“…psychiatrists can order diagnostic tests and prescribe medication to help a patient through depression or mood disorders or correct chemical imbalances that cause some mental illnesses.” [Emphasis added]

Dr. Pies is also on the faculty at SUNY.

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Back to the Pies-Ruffalo article.

“Nor is it accurate to assert that mental illness has not been associated with physiological abnormalities in the brain. On the contrary, there is abundant and growing evidence that serious psychiatric illnesses, like schizophrenia, major depressive disorder, and bipolar disorder, are associated with specific structural and functional abnormalities in the brain — and that these abnormalities may be seen even in ‘drug-naïve’ (never medicated) patients (Karkal et al., 2018; Ren et al., 2013; Cui et al., 2018; Machado-Vieira et al., 2017).”

So, having belabored the patently spurious assertion that neither physiological malfunctions nor anatomical malformations are necessary for the presence of illness, the authors now cite some research claiming that there is “abundant and growing evidence that serious psychiatric illnesses…are associated with specific structural and functional abnormalities in the brain.” [Emphasis added]

The impression created by this quote is that psychiatry has found its long-sought “holy grail” — the putative, but elusive, physiological/anatomical basis of psychiatric “illness.”  But note the phrase “…associated with…” which occurs twice in the quote, and the word “abnormalities” which also occurs twice. The critical point here is that “associated with” is not equivalent to caused by, and “abnormalities” are not necessarily pathological.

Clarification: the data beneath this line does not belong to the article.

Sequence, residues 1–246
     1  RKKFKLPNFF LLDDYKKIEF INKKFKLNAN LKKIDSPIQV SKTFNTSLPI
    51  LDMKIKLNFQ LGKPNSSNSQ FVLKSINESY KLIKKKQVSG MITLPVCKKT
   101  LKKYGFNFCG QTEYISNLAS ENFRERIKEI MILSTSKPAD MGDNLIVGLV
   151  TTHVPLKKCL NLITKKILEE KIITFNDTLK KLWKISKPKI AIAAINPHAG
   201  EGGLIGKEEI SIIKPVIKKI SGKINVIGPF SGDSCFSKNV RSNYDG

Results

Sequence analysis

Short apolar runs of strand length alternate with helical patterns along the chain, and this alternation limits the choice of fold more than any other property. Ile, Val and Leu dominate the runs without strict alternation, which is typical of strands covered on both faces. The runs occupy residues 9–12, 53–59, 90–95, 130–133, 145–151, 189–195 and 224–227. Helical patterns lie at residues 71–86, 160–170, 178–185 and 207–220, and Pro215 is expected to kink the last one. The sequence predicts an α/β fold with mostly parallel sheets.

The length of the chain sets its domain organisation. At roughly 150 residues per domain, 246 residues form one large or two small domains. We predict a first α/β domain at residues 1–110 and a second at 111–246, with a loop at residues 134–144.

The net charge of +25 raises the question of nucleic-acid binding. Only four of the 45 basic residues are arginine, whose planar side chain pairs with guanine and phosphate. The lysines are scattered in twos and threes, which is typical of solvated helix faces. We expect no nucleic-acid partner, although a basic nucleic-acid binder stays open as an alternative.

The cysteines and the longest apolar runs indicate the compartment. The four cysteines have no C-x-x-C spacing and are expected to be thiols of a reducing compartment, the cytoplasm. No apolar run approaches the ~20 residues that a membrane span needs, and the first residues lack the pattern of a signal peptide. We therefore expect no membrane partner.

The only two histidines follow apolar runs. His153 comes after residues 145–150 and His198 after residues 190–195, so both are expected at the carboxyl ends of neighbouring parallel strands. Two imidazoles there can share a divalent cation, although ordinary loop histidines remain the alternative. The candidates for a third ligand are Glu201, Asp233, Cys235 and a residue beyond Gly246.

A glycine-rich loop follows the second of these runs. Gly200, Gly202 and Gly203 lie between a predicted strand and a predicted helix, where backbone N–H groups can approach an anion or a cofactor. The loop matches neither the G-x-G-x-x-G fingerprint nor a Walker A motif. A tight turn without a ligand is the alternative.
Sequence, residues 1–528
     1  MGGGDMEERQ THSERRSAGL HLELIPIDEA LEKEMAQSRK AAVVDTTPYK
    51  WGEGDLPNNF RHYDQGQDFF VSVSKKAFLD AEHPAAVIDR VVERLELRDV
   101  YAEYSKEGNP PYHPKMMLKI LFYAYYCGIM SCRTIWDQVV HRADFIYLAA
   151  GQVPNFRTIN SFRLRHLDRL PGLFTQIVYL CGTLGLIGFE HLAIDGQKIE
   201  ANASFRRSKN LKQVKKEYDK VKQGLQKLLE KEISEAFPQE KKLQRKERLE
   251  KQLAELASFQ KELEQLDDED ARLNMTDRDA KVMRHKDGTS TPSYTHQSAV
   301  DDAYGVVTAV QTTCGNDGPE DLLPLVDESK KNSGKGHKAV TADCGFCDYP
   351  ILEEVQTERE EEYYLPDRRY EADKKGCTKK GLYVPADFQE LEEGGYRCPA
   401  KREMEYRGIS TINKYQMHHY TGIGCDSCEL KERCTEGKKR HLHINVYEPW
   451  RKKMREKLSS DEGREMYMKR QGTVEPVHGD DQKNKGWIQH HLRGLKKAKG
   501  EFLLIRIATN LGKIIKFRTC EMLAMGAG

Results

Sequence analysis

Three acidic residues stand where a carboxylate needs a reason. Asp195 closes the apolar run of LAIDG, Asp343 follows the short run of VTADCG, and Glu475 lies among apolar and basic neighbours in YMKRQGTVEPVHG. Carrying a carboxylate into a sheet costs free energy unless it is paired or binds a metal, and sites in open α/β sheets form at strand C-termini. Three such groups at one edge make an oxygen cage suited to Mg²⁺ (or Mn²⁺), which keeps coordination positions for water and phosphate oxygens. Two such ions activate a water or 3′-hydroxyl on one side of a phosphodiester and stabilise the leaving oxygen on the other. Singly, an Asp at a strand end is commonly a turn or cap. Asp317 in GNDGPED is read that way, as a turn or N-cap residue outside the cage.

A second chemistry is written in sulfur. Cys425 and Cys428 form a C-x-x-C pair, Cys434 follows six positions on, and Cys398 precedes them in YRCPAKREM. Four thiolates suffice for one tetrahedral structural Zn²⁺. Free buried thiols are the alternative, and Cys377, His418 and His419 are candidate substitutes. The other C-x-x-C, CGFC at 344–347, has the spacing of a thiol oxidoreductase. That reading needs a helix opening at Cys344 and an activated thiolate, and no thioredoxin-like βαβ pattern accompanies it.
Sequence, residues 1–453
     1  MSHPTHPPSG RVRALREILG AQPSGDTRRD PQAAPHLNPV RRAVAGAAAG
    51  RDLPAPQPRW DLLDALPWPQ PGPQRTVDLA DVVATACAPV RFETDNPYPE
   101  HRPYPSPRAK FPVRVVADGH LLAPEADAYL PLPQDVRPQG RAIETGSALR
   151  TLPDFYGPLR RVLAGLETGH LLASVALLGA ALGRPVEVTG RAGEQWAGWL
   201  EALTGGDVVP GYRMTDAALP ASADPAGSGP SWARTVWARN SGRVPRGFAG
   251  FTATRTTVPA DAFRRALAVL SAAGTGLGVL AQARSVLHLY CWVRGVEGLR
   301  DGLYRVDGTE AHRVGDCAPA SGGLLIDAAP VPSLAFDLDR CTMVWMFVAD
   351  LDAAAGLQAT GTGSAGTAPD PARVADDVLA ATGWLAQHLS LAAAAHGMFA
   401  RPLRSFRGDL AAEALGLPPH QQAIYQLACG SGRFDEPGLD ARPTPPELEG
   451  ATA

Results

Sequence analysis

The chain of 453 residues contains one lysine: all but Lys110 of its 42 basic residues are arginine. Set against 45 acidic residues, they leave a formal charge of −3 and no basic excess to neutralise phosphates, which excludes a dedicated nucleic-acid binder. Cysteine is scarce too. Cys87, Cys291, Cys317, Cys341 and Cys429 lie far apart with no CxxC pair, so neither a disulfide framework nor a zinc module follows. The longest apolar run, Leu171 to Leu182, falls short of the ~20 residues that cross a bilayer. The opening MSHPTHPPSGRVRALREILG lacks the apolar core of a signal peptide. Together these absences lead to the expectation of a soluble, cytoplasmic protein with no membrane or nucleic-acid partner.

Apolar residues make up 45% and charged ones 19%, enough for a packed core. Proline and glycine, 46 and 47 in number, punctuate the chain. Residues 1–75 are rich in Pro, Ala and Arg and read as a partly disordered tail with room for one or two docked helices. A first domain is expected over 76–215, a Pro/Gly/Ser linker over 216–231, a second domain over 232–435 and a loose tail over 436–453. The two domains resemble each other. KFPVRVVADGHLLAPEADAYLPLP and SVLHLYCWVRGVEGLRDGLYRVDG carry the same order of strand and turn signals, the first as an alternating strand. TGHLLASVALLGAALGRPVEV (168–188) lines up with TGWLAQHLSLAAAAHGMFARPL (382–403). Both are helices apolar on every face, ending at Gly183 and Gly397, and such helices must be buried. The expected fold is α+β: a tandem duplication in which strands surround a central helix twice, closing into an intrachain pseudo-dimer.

Let’s take a look at the four references in the Pies-Ruffalo quote above.

Karkal et al, 2018, concluded:

“A correlation between sensory gating parameters and measures of psychopathology strengthens the hypothesis that abnormal response to sensory input may contribute to the psychopatholgy in SCZ [schizophrenia].”  [Emphasis added]

Note the cautious wording — strengthens the hypothesis and may contribute  which, I suggest, doesn’t quite rise to the level of the “…abundant and growing evidence…” claimed by Dr. Pies and Prof. Ruffalo.

The second Pies-Ruffalo reference, Ren et al, 2013, was also tentative in its conclusions:

“Findings from the present study, along with future work clarifying the causes of the functional and structural changes reported and their dissociation, may provide new insight into the underlying neuropathology of the early course of schizophrenia.” (Emphasis added)

Note the word “may.”

The third reference, Cui et al 2018, is similarly non-committal:

“The results indicate that aberrant FC [functional connectivity] patterns of insula-centered sensorimotor circuit may account for the pathophysiology of MDD.” [Emphasis added]

and

“…our findings suggest that disrupted FCs in the insula-centered sensorimotor circuit may play a central role in the pathophysiology of MDD [Major depressive disorder].” [Emphasis added]

Similarly with the fourth reference, Machado-Vieira et al, 2017:

“This is the first report of increased CC lactate in patients with bipolar depression and lower levels after lithium monotherapy for 6 weeks. These findings indicate a shift to anaerobic metabolism and a role for lactate as a state marker during mood episodes. Energy and redox dysfunction may represent key targets for lithium’s therapeutic actions.” [Emphasis added]

and